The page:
The future could very well look like the recent past. Last year, electric pumps that feed Johannesburg’s water reservoirs stopped working. The water stopped flowing uphill and the city’s reservoirs ran dry. Water outages ensued. Queues for water proliferated.
That shouldn’t happen this year – if it rains in the next few months and if the city can immediately reduce its water consumption by 15%.
Level two water restrictions have been intensified and people will be fined for watering their gardens during the day (when most of the water evaporates anyway). Households that use a lot of water will pay more for that privilege – those using 40 000 litres a month will be paying 30% more on their monthly accounts.
Similar restrictions have been implemented across the country. The smaller the town, the more severe the restrictions. Data from the Water Research Commission shows that 35% of water is lost from leaks, or from people using water and not paying. Towns such as Kroonstad have already run out of municipal water. The water affairs department has rolled out its emergency plan for cities along the coast, investigating building desalination plants that previously used to be part of the “too expensive” scenario.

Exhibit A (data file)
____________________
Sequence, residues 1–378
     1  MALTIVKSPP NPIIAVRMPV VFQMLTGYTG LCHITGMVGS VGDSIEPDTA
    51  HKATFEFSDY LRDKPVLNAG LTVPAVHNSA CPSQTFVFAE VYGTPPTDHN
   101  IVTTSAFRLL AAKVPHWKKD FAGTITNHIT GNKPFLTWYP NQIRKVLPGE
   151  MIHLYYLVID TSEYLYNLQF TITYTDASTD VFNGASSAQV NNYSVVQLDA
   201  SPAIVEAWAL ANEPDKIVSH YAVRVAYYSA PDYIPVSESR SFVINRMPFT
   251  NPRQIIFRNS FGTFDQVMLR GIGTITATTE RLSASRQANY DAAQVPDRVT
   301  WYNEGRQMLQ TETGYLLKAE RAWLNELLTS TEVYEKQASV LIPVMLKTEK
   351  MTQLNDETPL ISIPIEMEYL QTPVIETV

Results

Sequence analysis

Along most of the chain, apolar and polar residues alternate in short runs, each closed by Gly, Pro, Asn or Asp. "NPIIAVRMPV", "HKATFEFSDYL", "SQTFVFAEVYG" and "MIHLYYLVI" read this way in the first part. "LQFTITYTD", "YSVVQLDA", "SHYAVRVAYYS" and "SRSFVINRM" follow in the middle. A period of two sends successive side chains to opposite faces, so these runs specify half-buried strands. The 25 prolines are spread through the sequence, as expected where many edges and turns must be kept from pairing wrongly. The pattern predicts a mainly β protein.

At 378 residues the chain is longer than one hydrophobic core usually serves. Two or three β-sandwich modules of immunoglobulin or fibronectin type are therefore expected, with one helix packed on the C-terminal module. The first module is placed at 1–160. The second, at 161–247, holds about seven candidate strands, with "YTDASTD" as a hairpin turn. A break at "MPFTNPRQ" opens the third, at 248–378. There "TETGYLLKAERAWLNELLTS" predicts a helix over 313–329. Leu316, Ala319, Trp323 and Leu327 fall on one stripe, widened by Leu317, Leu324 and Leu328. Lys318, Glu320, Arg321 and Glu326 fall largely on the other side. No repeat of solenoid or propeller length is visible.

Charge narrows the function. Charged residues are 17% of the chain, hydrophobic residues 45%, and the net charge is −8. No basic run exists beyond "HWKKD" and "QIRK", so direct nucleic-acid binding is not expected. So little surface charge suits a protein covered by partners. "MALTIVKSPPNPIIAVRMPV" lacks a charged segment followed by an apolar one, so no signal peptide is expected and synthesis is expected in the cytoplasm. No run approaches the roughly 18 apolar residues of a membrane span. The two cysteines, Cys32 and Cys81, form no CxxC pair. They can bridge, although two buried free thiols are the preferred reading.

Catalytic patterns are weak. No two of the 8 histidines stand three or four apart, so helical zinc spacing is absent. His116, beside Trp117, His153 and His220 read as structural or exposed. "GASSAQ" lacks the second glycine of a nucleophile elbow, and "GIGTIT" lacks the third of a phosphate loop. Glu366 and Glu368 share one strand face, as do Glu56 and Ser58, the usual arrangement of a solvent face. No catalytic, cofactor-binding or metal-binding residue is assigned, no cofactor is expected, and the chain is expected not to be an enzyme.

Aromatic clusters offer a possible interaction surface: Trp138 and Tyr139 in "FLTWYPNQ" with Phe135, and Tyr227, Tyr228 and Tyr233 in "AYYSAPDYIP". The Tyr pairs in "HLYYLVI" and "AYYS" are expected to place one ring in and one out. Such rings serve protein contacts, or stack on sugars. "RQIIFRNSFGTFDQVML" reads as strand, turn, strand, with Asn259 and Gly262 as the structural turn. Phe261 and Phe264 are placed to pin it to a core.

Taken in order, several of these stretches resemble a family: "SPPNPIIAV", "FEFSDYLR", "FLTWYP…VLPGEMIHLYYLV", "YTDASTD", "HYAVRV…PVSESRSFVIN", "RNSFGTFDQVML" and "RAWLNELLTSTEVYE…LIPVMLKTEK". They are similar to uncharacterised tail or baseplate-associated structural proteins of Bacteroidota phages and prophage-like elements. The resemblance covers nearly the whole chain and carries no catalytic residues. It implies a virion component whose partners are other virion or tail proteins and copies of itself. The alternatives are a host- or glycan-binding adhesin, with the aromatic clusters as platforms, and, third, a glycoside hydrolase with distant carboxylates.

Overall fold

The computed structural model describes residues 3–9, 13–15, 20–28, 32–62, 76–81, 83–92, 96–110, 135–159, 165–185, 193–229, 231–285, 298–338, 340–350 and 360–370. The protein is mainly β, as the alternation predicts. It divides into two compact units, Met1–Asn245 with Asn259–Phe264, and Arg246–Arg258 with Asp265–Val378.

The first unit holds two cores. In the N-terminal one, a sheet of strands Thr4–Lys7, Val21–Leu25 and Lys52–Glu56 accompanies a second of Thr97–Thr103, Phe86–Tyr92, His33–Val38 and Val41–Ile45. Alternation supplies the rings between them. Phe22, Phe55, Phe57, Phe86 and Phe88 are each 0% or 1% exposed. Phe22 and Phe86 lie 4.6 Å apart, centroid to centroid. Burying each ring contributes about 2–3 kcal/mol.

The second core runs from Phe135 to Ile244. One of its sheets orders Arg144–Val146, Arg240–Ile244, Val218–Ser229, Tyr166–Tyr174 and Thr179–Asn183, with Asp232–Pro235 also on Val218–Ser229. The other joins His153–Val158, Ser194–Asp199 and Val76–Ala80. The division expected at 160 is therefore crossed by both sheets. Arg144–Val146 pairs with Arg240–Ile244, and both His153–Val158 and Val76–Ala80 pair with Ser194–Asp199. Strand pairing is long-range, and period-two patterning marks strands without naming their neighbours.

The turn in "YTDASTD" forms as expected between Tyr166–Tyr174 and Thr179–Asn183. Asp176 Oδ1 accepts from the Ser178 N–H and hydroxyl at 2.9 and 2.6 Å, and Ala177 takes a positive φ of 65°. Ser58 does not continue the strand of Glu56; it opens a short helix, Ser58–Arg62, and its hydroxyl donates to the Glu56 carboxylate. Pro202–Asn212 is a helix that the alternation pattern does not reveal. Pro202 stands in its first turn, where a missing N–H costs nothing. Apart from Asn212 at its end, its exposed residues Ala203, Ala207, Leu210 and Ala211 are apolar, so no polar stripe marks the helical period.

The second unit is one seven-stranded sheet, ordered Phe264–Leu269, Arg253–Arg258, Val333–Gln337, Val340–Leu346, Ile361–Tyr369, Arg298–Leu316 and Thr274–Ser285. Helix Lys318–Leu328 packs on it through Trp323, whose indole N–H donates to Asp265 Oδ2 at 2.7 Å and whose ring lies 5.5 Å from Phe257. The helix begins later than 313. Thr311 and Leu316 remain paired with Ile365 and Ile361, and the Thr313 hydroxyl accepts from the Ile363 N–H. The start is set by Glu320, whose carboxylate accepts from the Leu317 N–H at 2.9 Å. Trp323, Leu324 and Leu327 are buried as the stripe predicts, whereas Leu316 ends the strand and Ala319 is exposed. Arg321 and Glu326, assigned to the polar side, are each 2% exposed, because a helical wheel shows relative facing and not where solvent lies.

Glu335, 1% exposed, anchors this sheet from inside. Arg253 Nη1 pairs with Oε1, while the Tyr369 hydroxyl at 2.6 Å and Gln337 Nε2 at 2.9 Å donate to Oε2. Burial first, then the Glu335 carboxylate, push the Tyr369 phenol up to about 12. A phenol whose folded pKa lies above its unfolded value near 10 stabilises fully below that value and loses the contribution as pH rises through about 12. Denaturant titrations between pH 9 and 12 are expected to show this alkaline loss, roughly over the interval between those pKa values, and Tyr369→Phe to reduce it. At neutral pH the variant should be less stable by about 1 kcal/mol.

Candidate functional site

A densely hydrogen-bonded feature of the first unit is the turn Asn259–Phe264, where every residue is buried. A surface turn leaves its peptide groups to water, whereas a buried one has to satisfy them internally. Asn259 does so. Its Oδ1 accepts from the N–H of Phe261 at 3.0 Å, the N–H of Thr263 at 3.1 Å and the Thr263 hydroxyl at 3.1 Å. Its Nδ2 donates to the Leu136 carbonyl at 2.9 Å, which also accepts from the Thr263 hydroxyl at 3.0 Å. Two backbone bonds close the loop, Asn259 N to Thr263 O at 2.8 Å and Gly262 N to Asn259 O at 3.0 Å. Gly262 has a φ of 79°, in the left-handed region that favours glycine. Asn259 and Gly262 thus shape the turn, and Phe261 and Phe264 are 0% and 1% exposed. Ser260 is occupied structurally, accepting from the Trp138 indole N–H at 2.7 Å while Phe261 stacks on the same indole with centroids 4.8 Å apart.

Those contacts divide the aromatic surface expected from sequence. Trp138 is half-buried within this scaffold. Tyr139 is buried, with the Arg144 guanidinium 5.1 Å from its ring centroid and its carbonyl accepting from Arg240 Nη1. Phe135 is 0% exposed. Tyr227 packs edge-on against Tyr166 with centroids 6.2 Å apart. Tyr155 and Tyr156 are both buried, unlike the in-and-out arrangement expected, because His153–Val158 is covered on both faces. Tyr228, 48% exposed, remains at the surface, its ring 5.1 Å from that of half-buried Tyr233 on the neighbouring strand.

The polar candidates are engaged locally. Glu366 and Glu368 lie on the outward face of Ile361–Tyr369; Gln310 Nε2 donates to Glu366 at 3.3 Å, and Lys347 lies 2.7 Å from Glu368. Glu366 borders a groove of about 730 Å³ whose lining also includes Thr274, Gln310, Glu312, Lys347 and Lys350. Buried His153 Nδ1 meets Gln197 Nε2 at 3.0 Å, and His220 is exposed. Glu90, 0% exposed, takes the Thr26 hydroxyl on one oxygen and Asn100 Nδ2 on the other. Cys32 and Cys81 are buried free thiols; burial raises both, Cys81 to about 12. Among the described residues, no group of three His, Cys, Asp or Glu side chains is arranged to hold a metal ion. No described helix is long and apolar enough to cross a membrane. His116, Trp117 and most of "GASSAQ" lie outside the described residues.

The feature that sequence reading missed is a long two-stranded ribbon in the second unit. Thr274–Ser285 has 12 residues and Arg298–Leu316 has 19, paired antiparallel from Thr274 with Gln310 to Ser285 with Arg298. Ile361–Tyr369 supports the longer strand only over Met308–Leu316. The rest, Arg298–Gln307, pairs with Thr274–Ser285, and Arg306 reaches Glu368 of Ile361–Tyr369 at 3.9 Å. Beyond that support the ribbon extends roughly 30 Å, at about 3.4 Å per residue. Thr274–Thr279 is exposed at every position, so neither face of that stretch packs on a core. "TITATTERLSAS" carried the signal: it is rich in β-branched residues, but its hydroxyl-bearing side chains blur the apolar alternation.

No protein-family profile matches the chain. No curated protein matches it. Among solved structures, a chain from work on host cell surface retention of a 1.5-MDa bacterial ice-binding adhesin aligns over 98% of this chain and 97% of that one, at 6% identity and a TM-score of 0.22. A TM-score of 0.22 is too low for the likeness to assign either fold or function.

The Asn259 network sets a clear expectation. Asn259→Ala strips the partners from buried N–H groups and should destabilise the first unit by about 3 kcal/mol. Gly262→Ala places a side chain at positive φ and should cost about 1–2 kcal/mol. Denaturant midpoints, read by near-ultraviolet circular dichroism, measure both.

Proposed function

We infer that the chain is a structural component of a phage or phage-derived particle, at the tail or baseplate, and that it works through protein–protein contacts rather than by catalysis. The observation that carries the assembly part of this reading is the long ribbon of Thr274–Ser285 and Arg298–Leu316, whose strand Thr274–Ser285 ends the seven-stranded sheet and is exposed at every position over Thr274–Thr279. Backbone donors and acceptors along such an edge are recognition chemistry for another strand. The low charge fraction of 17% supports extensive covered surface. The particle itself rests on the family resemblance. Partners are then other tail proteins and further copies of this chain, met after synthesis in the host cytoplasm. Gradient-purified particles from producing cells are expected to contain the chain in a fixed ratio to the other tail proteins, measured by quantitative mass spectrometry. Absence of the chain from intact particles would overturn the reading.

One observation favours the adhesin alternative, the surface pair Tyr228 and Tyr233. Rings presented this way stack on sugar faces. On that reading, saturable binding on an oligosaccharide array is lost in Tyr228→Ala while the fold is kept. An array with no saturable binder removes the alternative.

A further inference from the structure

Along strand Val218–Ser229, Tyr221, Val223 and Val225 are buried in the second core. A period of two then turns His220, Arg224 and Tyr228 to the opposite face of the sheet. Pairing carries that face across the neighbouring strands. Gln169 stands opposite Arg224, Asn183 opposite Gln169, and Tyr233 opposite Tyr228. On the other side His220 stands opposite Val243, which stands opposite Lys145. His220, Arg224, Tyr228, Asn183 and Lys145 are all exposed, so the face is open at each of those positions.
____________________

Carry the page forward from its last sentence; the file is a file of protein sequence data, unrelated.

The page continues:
If it rains, these responses should prove to have been enough. But future climate change scenarios mean this type of national water crisis will be normal. Government models show that most of the country will get more parched. The Karoo will stretch towards Johannesburg. The cold fronts that feed Cape Town’s winter rainfall will recede further south and miss landfall.
An already dry country will only get drier. But its population will continue to grow, as will demands from industry. This seems like an intractable situation, unless the hard decisions are made.
*Fact checking organisation Africa Check tested the statement that South Africa is the 30th driest country in the world - a statement taken from the Department of Water and Sanitation - and found that it was the 39th driest in 2014.